'Why . . . keep this?'

Panagopulos established his auction house in Stamford, Conn., in 1991, first specializing in far less incendiary fare: a lock of President Abraham Lincoln’s hair or presidential autographs. Then, about eight years ago, he got into Third Reich memorabilia.


Tammy Pearce, who works at the auction house, packs up a recently sold swastika desk ornament. (Eileen Blass/For The Washington Post)

A souvenir print depicts the Berghof, Adolf Hitler’s mountain retreat at Berchtesgaden. (Eileen Blass/For The Washington Post)

His first attention-getters were two sets of Mengele journals. In 2010, he sold one notebook for close to $50,000 to an Orthodox Jew whose grandmother survived Auschwitz. But the American Gathering of Jewish Holocaust Survivors and Their Descendants organization found the sale disgusting and asked Richard Blumenthal, who then was Connecticut’s attorney general, to investigate its authenticity.

“I sympathize with their revulsion regarding the apparent profit from this journal,” Blumenthal said in a statement at the time.

Spokesmen for Blumenthal and the Holocaust survivors group said they do not recall whether a probe was ever launched. Panagopulos said Blumenthal, now a Democratic senator from Connecticut, never contacted him.

A year later, he sold the remainder of Mengele’s journals, this time for $300,000. The buyer was also a Jew, Panagopulos said. But the sale still generated a backlash.

“If you really want to despise someone, look no further than Stamford, Conn., where you can find Basil (Bill) Panagopulos who runs Alexander Historical Auctions,” began an op-ed in the New York Daily News by an American Gathering executive.

Undeterred, Panagopulos continued selling all manner of paraphernalia: A cache of medical documents showing the Führer suffered from flatulence and was injected with an extract of bull testicles to jump-start his libido; an archive of letters, poetry and school papers of Nazi propaganda chief Joseph Goebbels; and a U.S. Army interrogator’s notes of his interview with Hitler’s doctors that revealed Hitler took female hormones.

He said he earns a commission from consignors — about 12 to 25 percent, depending on the item — as well as one from buyers, typically 21 percent.

In 2014, after Panagopulos moved the auction house to Chesapeake City, Md., he sold perhaps his grisliest item: a bloodstained scrap of fabric from the sofa where Hitler shot himself on April 30, 1945. The winning bid: $18,000. He kept another piece for himself but does not display it.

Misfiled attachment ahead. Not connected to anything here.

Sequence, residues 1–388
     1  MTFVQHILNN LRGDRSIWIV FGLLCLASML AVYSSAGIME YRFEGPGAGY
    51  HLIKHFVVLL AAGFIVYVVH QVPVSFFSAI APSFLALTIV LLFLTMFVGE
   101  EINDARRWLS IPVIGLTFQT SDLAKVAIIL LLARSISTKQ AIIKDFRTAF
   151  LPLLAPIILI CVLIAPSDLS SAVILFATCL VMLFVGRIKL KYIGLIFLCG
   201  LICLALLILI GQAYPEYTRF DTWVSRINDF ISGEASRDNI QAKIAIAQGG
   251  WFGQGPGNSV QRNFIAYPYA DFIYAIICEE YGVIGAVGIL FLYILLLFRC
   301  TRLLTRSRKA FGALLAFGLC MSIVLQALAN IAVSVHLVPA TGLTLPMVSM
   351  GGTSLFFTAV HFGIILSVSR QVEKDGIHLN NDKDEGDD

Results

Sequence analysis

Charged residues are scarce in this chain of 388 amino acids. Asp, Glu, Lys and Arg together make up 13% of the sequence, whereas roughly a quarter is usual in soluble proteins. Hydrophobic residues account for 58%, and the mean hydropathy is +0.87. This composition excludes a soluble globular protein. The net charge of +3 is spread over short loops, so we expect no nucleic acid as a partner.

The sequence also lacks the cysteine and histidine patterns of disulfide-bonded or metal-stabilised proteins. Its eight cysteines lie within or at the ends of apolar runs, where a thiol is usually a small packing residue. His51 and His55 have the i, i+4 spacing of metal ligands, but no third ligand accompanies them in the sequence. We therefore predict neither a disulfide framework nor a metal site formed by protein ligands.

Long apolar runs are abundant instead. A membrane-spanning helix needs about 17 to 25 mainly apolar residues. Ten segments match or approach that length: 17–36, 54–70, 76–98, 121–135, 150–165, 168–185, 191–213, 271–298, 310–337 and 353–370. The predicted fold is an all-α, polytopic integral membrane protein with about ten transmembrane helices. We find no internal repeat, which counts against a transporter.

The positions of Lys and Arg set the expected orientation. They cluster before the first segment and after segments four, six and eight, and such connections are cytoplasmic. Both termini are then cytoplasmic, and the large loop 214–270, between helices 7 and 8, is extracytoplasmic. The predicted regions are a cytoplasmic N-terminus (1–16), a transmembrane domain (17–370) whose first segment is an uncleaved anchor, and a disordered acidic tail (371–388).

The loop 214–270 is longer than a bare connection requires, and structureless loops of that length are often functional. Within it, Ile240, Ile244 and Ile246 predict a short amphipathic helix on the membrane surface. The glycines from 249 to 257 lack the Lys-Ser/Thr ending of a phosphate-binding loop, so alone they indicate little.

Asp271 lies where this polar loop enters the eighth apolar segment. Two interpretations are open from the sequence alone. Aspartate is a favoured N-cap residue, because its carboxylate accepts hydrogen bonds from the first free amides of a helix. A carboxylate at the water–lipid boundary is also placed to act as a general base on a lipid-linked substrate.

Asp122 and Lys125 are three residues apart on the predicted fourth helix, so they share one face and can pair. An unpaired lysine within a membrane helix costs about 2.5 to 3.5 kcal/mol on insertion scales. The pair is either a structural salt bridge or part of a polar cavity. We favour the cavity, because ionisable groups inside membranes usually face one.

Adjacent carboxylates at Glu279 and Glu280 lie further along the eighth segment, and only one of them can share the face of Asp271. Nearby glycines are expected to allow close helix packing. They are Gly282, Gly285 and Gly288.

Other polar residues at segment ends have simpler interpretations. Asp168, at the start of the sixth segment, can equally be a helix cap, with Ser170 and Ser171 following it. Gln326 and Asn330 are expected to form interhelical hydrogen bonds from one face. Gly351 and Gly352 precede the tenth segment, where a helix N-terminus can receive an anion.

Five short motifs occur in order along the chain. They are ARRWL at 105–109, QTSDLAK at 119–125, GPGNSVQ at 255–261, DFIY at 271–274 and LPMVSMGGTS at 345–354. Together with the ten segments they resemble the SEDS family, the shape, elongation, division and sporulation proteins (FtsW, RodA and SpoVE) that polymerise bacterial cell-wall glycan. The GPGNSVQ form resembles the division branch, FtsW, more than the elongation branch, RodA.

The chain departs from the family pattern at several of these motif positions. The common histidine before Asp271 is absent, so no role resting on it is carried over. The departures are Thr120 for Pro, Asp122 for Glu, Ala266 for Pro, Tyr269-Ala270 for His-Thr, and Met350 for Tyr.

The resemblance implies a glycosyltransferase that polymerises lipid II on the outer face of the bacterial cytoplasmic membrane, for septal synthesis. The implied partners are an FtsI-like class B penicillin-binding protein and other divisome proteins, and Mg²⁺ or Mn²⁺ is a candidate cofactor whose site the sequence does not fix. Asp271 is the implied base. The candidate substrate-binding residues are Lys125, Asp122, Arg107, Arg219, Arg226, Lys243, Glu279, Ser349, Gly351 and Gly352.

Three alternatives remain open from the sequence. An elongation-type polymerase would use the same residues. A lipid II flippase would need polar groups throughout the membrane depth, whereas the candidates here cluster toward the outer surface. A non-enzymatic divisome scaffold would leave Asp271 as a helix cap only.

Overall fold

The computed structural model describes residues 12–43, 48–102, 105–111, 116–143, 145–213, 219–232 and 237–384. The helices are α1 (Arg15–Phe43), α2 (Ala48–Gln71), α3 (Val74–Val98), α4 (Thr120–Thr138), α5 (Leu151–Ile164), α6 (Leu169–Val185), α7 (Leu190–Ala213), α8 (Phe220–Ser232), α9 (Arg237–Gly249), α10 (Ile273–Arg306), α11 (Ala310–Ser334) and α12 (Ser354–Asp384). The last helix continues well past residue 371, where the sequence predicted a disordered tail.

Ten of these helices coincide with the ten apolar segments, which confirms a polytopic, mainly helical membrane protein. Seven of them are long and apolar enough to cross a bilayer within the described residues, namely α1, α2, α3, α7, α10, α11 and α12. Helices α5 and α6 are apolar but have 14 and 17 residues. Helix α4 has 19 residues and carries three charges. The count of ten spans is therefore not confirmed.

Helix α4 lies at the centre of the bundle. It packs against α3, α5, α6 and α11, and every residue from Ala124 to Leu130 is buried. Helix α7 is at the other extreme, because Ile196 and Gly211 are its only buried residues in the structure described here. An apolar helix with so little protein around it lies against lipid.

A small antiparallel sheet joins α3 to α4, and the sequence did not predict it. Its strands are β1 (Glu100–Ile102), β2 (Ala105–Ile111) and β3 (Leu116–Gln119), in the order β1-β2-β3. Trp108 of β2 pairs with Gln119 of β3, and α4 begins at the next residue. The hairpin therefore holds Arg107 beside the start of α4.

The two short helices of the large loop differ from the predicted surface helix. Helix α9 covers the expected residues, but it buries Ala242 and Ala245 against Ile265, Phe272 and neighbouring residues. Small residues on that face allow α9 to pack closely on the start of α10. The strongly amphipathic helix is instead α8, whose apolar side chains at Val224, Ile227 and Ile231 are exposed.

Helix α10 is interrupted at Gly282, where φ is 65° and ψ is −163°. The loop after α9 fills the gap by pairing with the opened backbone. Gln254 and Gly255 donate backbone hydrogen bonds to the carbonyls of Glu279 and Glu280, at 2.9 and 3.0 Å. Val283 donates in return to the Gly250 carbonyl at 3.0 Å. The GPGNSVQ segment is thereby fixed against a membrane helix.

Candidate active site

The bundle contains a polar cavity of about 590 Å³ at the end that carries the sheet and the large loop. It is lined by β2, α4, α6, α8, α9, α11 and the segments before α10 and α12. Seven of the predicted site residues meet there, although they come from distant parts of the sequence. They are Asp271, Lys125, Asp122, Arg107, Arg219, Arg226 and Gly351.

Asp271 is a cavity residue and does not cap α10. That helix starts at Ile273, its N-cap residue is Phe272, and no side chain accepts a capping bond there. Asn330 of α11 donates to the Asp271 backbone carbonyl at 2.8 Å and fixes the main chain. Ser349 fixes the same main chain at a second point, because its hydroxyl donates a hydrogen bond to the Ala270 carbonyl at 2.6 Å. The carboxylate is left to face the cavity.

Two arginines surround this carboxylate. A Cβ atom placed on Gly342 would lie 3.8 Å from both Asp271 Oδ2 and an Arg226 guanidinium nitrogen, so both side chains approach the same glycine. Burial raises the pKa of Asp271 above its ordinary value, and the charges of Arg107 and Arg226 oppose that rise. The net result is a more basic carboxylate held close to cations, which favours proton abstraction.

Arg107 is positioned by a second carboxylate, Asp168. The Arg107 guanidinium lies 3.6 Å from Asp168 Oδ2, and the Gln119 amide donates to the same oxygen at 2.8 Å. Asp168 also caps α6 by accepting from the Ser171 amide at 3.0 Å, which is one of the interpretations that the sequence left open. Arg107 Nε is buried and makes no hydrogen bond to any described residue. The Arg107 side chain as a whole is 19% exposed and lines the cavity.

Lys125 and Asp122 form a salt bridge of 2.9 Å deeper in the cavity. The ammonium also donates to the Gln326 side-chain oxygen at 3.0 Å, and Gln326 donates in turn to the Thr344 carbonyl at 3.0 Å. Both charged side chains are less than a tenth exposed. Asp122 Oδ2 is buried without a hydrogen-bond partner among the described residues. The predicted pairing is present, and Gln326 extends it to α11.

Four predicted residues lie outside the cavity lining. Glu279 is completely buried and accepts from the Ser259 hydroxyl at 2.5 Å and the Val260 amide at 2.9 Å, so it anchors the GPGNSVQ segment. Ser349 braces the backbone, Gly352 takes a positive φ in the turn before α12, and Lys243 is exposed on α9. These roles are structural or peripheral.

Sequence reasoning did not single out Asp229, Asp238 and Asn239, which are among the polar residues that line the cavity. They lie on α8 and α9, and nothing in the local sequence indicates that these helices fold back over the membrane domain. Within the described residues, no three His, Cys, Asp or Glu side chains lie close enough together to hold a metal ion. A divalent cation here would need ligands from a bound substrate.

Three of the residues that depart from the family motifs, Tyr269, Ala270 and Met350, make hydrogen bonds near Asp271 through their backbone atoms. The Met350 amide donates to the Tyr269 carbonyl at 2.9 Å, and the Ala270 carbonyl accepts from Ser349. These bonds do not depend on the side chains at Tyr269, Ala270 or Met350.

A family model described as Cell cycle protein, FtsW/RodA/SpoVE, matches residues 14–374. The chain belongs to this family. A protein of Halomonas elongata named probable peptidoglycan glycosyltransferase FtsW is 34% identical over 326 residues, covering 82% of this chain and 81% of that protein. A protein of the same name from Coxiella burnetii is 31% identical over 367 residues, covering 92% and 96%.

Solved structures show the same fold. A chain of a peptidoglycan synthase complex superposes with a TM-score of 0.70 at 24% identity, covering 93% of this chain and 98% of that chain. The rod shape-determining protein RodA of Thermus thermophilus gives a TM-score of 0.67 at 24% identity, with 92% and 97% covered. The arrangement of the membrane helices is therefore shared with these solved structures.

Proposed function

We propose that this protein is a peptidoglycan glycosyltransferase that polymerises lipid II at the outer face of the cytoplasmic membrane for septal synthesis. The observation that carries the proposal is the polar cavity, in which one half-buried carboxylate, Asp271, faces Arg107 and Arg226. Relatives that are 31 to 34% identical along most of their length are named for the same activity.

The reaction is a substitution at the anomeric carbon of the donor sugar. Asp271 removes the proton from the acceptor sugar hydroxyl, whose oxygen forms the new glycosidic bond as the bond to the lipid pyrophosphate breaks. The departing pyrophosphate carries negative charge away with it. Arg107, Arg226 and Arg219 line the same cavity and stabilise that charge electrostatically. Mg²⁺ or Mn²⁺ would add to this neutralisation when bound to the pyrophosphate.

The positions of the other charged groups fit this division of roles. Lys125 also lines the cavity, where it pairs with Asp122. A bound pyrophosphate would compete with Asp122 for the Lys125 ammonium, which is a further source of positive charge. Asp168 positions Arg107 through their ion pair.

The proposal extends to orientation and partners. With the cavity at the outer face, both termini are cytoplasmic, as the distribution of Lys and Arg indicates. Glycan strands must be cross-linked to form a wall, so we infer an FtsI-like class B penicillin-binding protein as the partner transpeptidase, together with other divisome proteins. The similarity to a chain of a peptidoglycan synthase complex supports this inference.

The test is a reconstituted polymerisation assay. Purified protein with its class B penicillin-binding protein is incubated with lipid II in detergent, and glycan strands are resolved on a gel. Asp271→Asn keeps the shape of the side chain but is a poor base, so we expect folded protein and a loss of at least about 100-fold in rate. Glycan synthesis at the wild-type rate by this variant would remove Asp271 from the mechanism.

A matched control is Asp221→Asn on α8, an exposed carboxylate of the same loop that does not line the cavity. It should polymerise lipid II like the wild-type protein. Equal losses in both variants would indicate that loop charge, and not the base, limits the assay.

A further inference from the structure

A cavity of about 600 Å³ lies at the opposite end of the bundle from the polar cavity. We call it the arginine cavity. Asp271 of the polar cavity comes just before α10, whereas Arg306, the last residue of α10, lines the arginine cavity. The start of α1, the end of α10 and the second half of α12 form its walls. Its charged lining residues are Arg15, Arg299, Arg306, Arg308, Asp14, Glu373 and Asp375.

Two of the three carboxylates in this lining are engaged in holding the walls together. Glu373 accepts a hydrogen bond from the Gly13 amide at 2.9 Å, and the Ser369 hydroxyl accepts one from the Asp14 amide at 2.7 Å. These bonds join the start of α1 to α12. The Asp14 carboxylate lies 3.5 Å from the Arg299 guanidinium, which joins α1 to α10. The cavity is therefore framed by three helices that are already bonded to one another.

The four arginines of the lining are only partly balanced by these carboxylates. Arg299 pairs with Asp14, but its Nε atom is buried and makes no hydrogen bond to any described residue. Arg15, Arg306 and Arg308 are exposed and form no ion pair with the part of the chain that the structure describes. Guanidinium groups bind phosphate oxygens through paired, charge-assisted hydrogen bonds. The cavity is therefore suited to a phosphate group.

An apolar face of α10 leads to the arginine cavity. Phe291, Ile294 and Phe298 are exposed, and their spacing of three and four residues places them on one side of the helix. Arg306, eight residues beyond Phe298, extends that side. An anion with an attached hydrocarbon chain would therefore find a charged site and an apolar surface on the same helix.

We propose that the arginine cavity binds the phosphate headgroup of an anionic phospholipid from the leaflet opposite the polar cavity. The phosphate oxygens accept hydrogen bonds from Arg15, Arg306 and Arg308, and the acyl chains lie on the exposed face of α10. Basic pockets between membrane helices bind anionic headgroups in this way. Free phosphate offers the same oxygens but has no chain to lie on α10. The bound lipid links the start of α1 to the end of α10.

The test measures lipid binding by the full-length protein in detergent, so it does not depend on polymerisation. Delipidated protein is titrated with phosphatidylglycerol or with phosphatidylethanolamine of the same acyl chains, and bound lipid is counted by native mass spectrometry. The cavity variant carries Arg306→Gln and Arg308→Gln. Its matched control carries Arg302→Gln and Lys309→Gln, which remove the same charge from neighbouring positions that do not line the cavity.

“Strange, isn’t it? Why would someone keep this?” he asked, holding the cloth. “But what a rarity!”


Alexander Historical Auctions moved from Connecticut to this brick building in Chesapeake City, Md. (Eileen Blass/For The Washington Post)

Although Panagopulos is a proud spokesman for his trade, many others who deal in Nazi material are far more secretive.

Case in point: the consignor and buyer of the photo showing Hitler hugging Rosa Bernile Nienau, a girl of Jewish descent. Hitler’s close friend Heinrich Hoffman photographed Hitler with many children. He made multiple prints of the same photos, which were widely distributed across Germany. But Hitler liked Nienau so much — they shared the same birthday, April 20 — that she earned the moniker, “the Führer’s child” and she called him “Uncle Hitler.”

As is customary in the auction world, Panagopulos declined to reveal the identities of his clients. At The Washington Post’s request, Panagopulos asked the top bidder for the photo, who lives in Britain, to come forward for an interview, but the winner never responded to his request. The photo’s consignor declined via Panagopulos to comment.

But when The Post reached Don Boyle of Scranton, Pa., a well-known collector of World War II German artifacts, he said he had once owned the photo and traded it in 2007 to Arizona collector Jeff Clark, who runs a website that sells Nazi party uniforms.

It was Clark who consigned the photo to Panagopulos, Boyle said.

In an email, Clark denied knowing about the photograph, let alone selling it. “I had to google to find out what you were talking about,” he wrote.

The sale of the photo was covered by news outlets around the world. One Amsterdam-based journalist, though, questioned the authenticity of Hitler’s inscription, “The dear and [considerate?] Rosa Nienau Adolf Hitler Munich, the 16th June 1933.”

“[C]ounterfeit Nazi junk,” declared Bart FM Droog, who is working on a book about fake Hitler artifacts.

But Elaine Quigley, who chairs the British Institute of Graphologists, said the photo’s inscription does match with some of Hitler’s earlier known handwriting, especially his autograph.

Panagopulos noted the photo came with multiple supporting documents. The photo was also consigned with the original envelope — featuring the blind-embossed stamp of Hoffman’s studio — in which it was delivered to the Nienau family.

And shortly after the auction, Panagopulos said, he got word from the Dokumentation Obersalzberg in Germany, a government-funded museum chronicling the area’s ties to the Nazi party, that it wants to put a copy of the photograph in a permanent exhibit.

“I’ve seen hundreds of Hitler autographs. I am confident in the signature,” Panagopulos said. “And if I’m wrong? I’m on the hook in perpetuity. We offer a one-hundred percent warranty of authenticity.”